Thursday, February 16, 2012

Amnesty Programme: Giving The Dog A Bad Name

An overview analysis

15 September 2012

The recent attempt by some criminal-minded elements hiding under the Movement for the Emancipation of the Niger Delta (MEND) to create a false insecurity situation in the Niger Delta is condemnable, but it is not an excuse for anybody to give the Presidential Amnesty Programme a bad name. Even though the huge attention the issue has attracted in the last few days is expected, the attempt by some public commentators to rubbish the good works of the project without looking at the massive gains from it is iniquitous.

Some commentators, especially those who have never for a day hidden their hatred for the cause of the Niger Delta, were quick to point to billions of naira that had been expended by the programme in an attempt to rehabilitate the ex-militants in the region and concluded that that the huge amount of money may have gone down the drains.  
The job of the amnesty programme-disarmament, demobilization and rehabilitation-is almost completed. What the federal government needs to do urgently is to sustain the peace and security of life and property in the Niger Delta; and the best way to begin is to start the second phase of the amnesty project-that of massive socio-economic development of the region.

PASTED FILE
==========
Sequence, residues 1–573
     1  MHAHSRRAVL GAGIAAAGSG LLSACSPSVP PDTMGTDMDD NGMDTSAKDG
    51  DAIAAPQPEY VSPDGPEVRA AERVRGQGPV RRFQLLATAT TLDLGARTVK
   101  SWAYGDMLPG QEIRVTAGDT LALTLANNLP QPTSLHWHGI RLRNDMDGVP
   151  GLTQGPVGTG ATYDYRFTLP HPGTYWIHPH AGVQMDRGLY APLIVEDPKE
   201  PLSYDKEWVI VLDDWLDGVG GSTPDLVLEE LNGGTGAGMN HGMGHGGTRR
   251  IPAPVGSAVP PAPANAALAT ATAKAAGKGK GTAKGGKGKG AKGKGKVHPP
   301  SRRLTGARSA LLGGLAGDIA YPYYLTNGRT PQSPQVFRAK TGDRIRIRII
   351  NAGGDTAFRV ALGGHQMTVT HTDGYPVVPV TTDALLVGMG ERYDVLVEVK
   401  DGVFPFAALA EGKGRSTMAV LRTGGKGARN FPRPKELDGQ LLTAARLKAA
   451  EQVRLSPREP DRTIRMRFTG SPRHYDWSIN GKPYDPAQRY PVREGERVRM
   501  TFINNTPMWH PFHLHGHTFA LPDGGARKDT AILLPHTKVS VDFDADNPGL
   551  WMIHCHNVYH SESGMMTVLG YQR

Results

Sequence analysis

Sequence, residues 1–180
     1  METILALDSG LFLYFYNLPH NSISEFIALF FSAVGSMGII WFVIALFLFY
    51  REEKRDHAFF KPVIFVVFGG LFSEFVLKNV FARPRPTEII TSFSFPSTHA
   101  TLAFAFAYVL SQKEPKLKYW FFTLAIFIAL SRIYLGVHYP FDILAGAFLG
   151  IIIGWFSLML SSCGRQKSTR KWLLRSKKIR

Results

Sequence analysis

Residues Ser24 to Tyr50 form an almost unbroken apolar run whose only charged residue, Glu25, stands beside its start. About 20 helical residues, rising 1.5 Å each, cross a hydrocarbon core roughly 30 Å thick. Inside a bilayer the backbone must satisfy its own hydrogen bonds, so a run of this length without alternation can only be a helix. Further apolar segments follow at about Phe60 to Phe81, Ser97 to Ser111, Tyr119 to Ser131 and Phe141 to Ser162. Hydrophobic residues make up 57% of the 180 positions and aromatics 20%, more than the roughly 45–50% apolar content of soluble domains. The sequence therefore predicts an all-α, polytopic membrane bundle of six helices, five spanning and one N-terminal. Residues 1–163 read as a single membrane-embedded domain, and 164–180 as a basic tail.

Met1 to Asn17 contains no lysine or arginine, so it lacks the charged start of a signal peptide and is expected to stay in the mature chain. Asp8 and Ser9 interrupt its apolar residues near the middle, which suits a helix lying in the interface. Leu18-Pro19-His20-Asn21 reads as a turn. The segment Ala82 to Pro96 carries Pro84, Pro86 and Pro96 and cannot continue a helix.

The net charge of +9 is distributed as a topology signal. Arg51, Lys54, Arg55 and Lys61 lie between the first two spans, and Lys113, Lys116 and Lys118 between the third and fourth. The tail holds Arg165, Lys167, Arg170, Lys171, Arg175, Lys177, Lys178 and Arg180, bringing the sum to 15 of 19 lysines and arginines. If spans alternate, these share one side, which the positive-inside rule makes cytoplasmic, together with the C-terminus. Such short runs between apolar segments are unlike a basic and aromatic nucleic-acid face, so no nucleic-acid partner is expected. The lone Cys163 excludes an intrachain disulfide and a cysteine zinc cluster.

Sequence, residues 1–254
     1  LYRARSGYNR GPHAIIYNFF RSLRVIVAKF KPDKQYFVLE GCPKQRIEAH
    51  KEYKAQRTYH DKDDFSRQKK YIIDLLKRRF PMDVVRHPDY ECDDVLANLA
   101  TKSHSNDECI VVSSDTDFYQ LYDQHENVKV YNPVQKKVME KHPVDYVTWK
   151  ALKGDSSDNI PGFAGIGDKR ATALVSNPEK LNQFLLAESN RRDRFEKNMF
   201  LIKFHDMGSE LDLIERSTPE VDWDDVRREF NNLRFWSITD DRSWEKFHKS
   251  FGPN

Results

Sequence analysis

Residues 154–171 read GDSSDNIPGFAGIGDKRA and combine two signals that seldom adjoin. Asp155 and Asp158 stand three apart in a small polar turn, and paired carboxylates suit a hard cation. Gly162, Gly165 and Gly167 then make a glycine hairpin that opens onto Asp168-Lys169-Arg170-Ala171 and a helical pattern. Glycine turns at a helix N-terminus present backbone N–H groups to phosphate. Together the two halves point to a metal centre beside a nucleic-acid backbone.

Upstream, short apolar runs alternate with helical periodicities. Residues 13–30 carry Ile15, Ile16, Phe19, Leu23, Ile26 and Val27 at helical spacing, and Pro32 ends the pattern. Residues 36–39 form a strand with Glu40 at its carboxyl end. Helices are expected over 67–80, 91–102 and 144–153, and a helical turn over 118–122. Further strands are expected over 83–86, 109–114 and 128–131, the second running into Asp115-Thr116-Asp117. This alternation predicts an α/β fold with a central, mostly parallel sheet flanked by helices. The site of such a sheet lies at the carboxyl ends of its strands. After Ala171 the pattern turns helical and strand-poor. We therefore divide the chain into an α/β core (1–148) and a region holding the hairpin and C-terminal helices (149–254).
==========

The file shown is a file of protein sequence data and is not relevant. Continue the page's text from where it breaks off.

The state of infrastructure development in the region is still pitiable and disgraceful. The Ministry of Niger Delta and the Niger Delta Development Commission (NDDC) appear to be derailing and losing focus. They are pinned down by political and other primordial considerations at the expense of their mandate to carry out infrastructure development in the region.

Without further delay, the necessary authorities must also move very fast to refine their legal frameworks and ensure that the multinationals doing business in the Niger Delta comply with the high standards of doing business, and, when they err, sanction must be applied immediately.

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